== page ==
sudo prime-select query

This will likely output something like nvidia. This means at that moment, this is the video card your hybrid laptop is using. To switch it over to Intel, do the following:

sudo prime-select intel

This will switch you back over to your Intel graphics card. You can verify it by using the above verify command. If you prefer to use something automatic instead, you can explore your options with the Bumblebee project. You should be aware it's degree of success will vary greatly and may not work as smoothly as prime-select.

AMD/ATI – Despite statements claiming AMD video card support has improved over the years for Linux users, I'm still of the mind to just avoid using these cards altogether. That said, if you choose to, follow the same guide as NVIDIA...with one notable exception – you're looking at open source video drivers only with Ubuntu LTS 16.04. Other distros and future releases may differ here, but I think they have the right idea as AMD drivers are historically, pretty bad.

This means you can still use xrandr or your monitor settings to change resolutions. However if you're looking to game with an AMD video card, I recommend checking out this guide on getting proprietary AMD video drivers working on Ubuntu. There you will find options such as Optimized Open Graphics Drivers and AMDGPU-PRO based solutions. Personally, I recommend either running Ubuntu 14.04 on the affected system or simply buying a better (NVIDIA) graphics card.

Fixing Linux Problems: Sound

Most Linux based audio issues come from the widespread adoption of the PulseAudio server. At one time, the sound server caused a lot of bugs ranging from crashing to audio just sounding completely wrong at some level. In 2017 however, most issues simply come down to not effectively controlling multiple sound cards.

Now some of you might be thinking that you don't have more than one sound card. I'm here to tell you that you most likely do. Do you have a video card that supports HDMI? Perhaps a USB headset or a USB audio mixer? If you have any of these along with any modern computer motherboard with onboard audio, you have more than one sound card.

The core issue here is that your audio is most likely working just fine. What's actually happening is that you may be seeing audio routed to the wrong device. Sadly, many volume control applets are really useless in this situation. They feature Output, Input and Applictation tabs (with volume sliders). But these same applets lack the ability to control Playback or Recording functionality. So even if my default sound card is setup as the default output device, I may be sending my music over to a USB headset and not even realize it.

Enter pavucontrol – the PulseAudio Volume Control tool. This application is usually available from your software repositories and is a must have software title in my opinion. To use it effectively, run pavucontrol and then play some audio. With the sound actively playing, browse to the Playback tab and verify the sound is being sent to the correct device from the pull down menu. This will fix 95% of the issues I see out there.

Another 4% of the sound issues comes down to the audio device in question being muted. Verify you have a command line application called alsamixer installed. Then run it as alsamixer.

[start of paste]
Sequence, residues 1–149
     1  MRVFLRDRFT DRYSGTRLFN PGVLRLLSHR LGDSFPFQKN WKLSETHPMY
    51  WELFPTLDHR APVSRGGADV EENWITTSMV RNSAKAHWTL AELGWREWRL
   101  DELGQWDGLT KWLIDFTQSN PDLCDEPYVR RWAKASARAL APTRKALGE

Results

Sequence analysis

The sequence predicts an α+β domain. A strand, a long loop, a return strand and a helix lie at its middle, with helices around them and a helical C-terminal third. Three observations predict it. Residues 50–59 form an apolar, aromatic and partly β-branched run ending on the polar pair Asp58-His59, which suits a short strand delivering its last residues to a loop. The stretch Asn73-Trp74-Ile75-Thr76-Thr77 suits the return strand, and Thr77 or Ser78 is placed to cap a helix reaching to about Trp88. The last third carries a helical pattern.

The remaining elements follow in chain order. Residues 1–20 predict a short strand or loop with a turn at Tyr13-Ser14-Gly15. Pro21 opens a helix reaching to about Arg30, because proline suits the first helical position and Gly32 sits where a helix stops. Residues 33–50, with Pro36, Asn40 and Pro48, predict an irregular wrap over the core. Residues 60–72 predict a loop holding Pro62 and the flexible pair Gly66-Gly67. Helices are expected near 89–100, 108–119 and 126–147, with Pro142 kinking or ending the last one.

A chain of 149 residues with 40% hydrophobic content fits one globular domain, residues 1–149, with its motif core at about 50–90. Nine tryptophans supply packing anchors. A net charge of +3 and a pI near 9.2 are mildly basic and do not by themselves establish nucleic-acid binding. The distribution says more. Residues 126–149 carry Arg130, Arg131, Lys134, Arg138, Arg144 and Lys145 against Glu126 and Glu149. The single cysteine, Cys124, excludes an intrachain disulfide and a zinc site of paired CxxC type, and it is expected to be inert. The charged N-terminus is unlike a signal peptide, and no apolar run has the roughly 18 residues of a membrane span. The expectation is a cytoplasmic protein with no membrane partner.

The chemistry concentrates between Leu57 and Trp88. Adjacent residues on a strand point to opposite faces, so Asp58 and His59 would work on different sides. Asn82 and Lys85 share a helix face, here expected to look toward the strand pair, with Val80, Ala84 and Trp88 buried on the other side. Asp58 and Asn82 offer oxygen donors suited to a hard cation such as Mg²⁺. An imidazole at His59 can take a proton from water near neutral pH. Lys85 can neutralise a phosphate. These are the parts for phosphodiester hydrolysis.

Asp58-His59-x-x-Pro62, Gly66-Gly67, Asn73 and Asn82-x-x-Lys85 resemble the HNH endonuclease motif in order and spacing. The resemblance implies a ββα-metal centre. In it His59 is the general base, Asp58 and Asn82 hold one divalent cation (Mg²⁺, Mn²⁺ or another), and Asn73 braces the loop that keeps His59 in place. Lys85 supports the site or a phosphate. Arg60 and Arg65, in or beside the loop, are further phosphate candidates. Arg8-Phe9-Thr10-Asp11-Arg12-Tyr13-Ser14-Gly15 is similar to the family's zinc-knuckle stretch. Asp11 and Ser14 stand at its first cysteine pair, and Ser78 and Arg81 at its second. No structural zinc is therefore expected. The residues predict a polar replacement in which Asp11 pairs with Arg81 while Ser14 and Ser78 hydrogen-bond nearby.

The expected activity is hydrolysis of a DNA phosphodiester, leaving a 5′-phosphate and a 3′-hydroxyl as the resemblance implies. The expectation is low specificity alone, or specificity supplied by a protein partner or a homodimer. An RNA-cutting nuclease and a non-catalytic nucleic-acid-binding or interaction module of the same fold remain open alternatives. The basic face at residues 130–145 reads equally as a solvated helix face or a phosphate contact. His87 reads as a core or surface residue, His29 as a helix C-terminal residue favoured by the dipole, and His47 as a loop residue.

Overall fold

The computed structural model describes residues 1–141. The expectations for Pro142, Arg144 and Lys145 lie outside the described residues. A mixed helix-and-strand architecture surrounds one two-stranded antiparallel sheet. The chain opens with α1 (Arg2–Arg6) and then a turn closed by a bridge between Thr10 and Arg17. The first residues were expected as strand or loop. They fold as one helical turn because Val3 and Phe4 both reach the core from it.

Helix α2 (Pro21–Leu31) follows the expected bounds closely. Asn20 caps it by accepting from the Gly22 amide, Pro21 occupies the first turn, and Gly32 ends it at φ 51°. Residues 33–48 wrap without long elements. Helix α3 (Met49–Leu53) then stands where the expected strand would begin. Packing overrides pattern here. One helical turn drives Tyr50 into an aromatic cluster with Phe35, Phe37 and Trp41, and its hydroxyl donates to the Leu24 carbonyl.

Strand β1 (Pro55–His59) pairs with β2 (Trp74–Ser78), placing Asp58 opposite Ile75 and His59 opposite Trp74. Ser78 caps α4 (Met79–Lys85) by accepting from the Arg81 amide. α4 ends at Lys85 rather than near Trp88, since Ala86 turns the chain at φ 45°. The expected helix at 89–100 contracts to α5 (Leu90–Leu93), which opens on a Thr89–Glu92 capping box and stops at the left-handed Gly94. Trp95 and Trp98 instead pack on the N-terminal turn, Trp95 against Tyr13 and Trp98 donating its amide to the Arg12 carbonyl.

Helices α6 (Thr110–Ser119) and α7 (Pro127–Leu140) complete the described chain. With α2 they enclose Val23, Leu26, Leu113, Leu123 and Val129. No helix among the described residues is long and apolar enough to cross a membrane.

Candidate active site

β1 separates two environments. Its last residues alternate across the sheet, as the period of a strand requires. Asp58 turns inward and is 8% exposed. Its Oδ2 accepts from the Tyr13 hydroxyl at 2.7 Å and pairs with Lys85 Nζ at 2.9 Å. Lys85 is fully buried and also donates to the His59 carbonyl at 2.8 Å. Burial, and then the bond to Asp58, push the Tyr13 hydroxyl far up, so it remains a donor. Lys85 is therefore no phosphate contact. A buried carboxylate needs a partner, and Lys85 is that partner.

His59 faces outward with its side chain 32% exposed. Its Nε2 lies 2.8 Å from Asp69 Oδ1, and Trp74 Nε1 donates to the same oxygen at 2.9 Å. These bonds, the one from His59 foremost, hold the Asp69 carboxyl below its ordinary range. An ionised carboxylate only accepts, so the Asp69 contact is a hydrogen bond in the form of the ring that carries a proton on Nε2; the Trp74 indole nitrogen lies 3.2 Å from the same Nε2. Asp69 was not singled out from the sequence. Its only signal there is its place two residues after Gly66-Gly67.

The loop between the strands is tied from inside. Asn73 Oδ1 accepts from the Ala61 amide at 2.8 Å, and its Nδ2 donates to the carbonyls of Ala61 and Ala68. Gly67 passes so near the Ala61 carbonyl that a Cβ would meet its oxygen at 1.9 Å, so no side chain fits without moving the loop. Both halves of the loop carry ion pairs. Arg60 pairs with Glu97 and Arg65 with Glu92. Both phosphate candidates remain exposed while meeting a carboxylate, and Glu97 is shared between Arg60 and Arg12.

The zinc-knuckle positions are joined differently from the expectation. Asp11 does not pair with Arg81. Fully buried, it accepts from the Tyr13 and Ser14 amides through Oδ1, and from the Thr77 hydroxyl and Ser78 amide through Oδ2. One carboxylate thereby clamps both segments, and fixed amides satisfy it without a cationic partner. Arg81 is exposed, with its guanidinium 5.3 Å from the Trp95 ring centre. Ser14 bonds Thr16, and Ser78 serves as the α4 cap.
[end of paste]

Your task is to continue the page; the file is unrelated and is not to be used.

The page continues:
Use the F6 key to select the problem sound card, navigating with your arrows. If you notice the channels for said device have MM in the box instead of 00, then you have a muted channel. Correct this by clicking on the terminal with alsamixer open, and hitting the M key.

The final 1% of issues such as crackling sound, no audio and related can be explored here.

Fixing Linux Problems: Networking

If you're using a wired connection to a router, odds are you're not ever going to experience any networking hassles with regard to basic Internet connectivity. If you're using wireless however, yes, this can be a problem in some rare cases. When dealing with wifi, you'll be hard pressed to beat my previous article on wifi troubleshooting. It covers everything from diagnosing the issue to finding workable solutions.

The second challenge some users may face with networking is regarding sharing samba directories. As a rule, there are two ways to setup a usable samba share – the secure way or the easy way. The secure samba way is to limit access to a specific user or to a specific group only. That said, samba isn't that secure to begin with. So if the file sharing is on a LAN that you trust, you could just do samba the easy way.

Fixing Linux Problems: Asking for Help with Linux

This last section is a bit of a "catch all" for everything not covered above. Meaning if you have a question not addressed already, you can use the following tips to get the answer you need. Ready? Here we go.

1) Provide useful information about your affected hardware when seeing assistance. For example, which do you think is more useful? "I can't seem to load any webpages with my Atheros wifi card even though I'm told that the connection is successful." vs "My wifi isn't working." Guess which question is more likely to be solved? The first one, any day of the week.

2) Google for a solution before asking. Look, most of the issues people experience with Linux, Windows or OS X has been examined at length. So use a search engine and try finding a solution before flooding the forums with a redundant question that may have already been answered.

That's it. If more people would just do those two things, we'd see a lot less frustrated users out there who swear the Linux community is mean. In reality, we just want to see new users make some basic effort and perhaps offer us needed details about their system before asking questions.

What say you? Do you have some great Linux tips to fix common issues? Hit the comments, let's hear about it.